Construction and Nail Gun Safety

Nail guns are used every day on many construction jobs. They boost productivity but also cause tens of thousands of serious injuries each year. Nail gun injuries are common – one study found that 2 out of 5 residential carpenter apprentices experienced a nail gun injury over a four-year period. Injuries resulting from use of nail guns hospitalize more construction workers than any other tool-related injury. 

When they do occur, these injuries are often not reported or given proper medical treatment. Research has identified that the risk of a nail gun injury is twice as high when using a multi-shot contact trigger as when using a single-shot sequential trigger nailer.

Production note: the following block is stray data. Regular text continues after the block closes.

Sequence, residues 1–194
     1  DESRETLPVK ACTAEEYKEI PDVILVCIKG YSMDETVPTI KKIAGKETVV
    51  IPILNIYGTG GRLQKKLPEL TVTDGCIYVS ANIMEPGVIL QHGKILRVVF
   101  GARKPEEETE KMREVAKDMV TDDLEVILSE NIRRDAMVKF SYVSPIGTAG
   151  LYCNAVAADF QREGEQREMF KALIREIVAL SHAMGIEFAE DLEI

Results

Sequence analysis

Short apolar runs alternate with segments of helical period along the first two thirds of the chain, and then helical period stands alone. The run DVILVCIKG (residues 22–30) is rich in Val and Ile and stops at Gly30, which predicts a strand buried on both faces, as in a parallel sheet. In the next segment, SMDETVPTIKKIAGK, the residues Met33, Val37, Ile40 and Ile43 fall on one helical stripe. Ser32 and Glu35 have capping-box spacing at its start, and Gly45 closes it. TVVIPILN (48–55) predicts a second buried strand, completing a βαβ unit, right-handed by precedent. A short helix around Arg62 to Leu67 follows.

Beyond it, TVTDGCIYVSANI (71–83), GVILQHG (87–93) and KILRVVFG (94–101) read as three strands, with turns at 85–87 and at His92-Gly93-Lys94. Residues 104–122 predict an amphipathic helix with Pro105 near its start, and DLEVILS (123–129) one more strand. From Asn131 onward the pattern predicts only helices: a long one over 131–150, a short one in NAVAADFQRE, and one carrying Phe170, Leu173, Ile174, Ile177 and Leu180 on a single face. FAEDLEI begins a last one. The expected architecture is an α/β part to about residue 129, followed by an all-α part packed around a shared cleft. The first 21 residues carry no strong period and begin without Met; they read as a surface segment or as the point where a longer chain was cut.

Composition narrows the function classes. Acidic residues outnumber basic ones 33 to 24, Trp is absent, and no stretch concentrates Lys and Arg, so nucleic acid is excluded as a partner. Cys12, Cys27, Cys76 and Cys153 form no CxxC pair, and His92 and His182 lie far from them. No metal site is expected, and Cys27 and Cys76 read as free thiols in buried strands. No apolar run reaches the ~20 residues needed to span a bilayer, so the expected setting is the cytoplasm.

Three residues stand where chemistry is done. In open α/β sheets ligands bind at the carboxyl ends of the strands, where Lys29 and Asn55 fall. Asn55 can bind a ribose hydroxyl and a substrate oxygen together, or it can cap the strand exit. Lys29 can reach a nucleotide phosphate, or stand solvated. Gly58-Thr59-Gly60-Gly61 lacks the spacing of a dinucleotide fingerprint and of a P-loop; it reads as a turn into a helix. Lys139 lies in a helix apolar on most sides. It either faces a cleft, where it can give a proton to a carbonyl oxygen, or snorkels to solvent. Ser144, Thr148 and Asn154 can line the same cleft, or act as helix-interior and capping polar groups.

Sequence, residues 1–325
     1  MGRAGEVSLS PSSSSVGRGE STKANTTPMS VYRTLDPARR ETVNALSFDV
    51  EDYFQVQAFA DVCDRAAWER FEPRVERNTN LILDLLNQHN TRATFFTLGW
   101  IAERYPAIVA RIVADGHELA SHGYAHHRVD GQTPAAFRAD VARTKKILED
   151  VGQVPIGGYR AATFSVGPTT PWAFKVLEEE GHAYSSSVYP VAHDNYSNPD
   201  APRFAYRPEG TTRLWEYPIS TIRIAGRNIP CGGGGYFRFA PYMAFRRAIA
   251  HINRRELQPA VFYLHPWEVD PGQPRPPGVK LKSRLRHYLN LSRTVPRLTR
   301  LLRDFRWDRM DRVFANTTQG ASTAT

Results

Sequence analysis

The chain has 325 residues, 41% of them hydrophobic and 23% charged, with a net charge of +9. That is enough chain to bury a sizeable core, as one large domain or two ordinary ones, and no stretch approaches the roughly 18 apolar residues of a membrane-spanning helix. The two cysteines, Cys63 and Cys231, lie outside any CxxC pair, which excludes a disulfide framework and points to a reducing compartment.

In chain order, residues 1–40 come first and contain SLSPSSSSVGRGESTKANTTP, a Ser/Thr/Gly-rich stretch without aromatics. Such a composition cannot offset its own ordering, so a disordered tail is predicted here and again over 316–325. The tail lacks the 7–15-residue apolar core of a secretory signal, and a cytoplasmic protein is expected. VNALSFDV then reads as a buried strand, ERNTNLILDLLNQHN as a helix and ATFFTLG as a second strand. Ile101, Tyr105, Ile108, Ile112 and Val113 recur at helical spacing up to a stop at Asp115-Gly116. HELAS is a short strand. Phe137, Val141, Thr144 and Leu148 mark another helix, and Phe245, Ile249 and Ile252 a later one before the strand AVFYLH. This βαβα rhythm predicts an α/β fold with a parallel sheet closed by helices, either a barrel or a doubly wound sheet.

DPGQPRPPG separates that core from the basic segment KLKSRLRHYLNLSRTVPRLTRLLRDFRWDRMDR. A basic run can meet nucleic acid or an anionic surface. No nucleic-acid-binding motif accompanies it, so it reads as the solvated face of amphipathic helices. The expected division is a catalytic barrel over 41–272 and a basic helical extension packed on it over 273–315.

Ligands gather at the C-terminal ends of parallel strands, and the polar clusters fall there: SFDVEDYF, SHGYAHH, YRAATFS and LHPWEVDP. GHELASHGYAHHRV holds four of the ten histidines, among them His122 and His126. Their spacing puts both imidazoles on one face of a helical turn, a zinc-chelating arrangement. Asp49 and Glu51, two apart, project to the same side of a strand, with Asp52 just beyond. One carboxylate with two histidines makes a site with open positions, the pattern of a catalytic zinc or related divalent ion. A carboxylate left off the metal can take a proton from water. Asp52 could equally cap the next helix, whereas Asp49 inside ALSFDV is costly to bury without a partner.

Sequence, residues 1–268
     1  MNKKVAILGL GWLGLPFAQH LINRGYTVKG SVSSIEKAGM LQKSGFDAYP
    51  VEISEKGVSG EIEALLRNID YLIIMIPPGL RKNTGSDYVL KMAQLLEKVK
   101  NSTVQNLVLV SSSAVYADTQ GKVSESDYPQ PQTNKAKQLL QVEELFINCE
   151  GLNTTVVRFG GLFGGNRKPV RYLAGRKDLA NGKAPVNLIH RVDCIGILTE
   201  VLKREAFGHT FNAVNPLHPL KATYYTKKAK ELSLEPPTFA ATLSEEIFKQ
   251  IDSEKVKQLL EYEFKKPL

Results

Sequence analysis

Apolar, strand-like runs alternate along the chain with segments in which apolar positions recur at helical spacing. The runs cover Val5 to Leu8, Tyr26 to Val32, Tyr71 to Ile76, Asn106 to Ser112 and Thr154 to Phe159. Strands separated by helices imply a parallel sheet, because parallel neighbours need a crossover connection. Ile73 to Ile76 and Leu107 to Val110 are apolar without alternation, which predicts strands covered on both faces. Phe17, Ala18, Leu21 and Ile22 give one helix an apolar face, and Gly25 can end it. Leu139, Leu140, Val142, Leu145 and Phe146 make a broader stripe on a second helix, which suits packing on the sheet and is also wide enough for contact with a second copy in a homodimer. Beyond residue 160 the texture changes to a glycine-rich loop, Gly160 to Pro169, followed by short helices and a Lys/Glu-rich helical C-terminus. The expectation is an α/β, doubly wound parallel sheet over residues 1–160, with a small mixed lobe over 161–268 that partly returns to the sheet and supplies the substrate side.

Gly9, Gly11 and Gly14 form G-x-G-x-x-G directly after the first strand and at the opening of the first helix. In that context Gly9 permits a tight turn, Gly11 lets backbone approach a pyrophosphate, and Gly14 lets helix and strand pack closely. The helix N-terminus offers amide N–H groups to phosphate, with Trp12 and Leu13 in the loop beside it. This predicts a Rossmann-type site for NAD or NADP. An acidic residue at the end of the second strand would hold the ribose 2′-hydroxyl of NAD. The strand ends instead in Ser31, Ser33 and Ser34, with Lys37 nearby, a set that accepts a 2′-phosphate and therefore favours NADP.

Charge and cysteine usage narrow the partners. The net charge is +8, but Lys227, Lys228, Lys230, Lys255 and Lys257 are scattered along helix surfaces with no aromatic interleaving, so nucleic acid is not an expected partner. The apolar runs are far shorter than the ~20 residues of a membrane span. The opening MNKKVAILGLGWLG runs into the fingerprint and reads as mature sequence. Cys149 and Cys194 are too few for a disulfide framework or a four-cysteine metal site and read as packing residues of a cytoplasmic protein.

There are seven major risk factors that can lead to nail gun injury. Understanding them will help you to prevent injuries on your job sites.

  1. Unintended nail discharge from double fire;
  2. Unintended nail discharge from knocking the safety contact with the trigger squeezed;
  3. Nail penetration through lumber work piece;
  4. Nail ricochet after striking a hard surface or metal feature;
  5. Missing the work piece;
  6. Awkward position nailing; and
  7. Bypassing safety mechanisms.

Safety Steps You Can Take

By taking these steps, employers can prevent nail gun injuries from occurring:

  1. Use full sequential trigger nail guns;
  2. Provide training;
  3. Establish nail gun work procedures;
  4. Provide personal protective equipment (PPE);
  5. Encourage reporting and discussion of injuries and close calls; and

Provide first aid and medical treatment.

For more safety information, contact our offices at Diversified Safety Services. 

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